The Pennsylvania Department of Environmental Protection (DEP) has made two significant changes to overhaul oil and natural gas industry regulations since March, when it said it would open the four-year and counting process to a second public comment period and further revisions.
DEP had proposed including noise control provisions in its final draft, which would have required operators to prepare and implement site-specific noise mitigation plans for drilling, stimulation and other development activities. The industry said such regulations would be too vague. The agency said Wednesday it would engage in a "separate process" to address noise concerns and exclude them from the final rulemaking because of the "complex nature of noise mitigation."
DEP had also said it would add a section to regulations for above-ground fluid storage facilities to give "an effective alternative" to centralized wastewater impoundments. But it said Wednesday that plan had been scrapped, and it would instead continue regulating the tanks under residual waste regulations.
Earlier this year, John Quigley, Gov. Tom Wolf's appointee for DEP Secretary, said some of the new regulations under his leadership would be tighter and geared toward addressing the concerns of operators, landowners and the general public (see Shale Daily, March 9). Nearly 30,000 public comments, legislation passed in recent years and proposed changes by the Democratic governor’s administration, Quigley said in March, delayed the process.
"We asked the people of Pennsylvania for their concerns about developing oil and gas resources in the commonwealth, and they answered," Quigley said Wednesday. "These amendments reflect a balance between meeting the needs of the industry and the needs of public health and the environment -- all while enabling drilling to proceed."
The new rules are expected to be implemented next spring. The DEP said its latest revisions would be discussed at the upcoming meetings of the Conventional Oil and Gas Advisory Committee (COGAC) and the Oil and Gas Technical Advisory Board, which both advise the agency on oversight of all oil and gas industries.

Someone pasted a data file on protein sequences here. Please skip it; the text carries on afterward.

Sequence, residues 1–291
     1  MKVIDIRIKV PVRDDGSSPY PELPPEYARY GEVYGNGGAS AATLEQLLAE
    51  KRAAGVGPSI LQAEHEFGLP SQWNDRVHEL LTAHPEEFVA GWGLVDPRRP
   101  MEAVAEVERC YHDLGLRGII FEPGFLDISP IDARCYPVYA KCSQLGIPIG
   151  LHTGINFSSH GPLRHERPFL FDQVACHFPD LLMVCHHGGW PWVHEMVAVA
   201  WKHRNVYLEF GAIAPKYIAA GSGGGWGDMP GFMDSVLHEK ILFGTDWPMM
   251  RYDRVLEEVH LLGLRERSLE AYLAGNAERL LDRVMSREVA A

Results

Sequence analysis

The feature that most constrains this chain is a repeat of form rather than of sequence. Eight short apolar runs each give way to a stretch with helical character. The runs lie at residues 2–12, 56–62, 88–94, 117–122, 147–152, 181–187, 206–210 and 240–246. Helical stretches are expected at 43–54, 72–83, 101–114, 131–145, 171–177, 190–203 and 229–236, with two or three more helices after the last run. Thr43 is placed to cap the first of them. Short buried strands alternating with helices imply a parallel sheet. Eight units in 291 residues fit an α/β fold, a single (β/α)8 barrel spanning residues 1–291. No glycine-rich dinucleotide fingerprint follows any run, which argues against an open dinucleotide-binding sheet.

The Marcellus Shale Coalition (MSC) called the DEP’s final draft a “regulatory overreach” that could cost the industry nearly $2 billion. The agency has been criticized for not conducting a cost-benefit analysis during its rulemaking process and has not provided an estimate for how much the updated regulations could cost the industry.
Earlier this month, COGAC called the proposed rules "unnecessary and inappropriate" and said it couldn't support them because the DEP had ignored its obligations by neglecting the concerns of the conventional exploration industry (see Shale Daily, Aug. 5). That concern is shared by larger independent oil and gas producers developing the Marcellus Shale.
“We have worked in good faith to provide constructive comments on this proposed rule,” MSC President David Spigelmyer said. “It’s disappointing that the Wolf administration chose to ignore comments made by the regulated community and disregarded legislative directives to do any real cost benefit analysis and engage the state’s Oil and Gas Technical Advisory Board in this process...”
The DEP has been working to update the energy regulations since 2011. Last year, the General Assembly passed a law requiring the agency to craft separate regulations for the conventional and unconventional industries (see Shale Daily, June 27, 2014). DEP has addressed that law by separating its proposed rulemaking into two chapters. Chapter 78 addresses conventional well development, while Chapter 78a addresses unconventional well development.
The state's Environmental Quality Board and Independent Regulatory Review Commission must review the rulemaking before it can be implemented. The DEP said Wednesday some of the regulations had been revised slightly for clarity.
Under the final revisions, drilling near public resources such as schools, playgrounds and drinking water protection areas would require operators to conduct reviews of impacts and develop mitigation measures. The DEP said its latest revisions would not include privately operated playgrounds at restaurants or day cares.
The DEP's package would also still require centralized wastewater impoundments to either close within three years of the new rules' implementation or be upgraded and re-permitted with a residual waste permit. The DEP added Wednesday that one-year drilling permits would only be renewed once before a company has to start the application process again.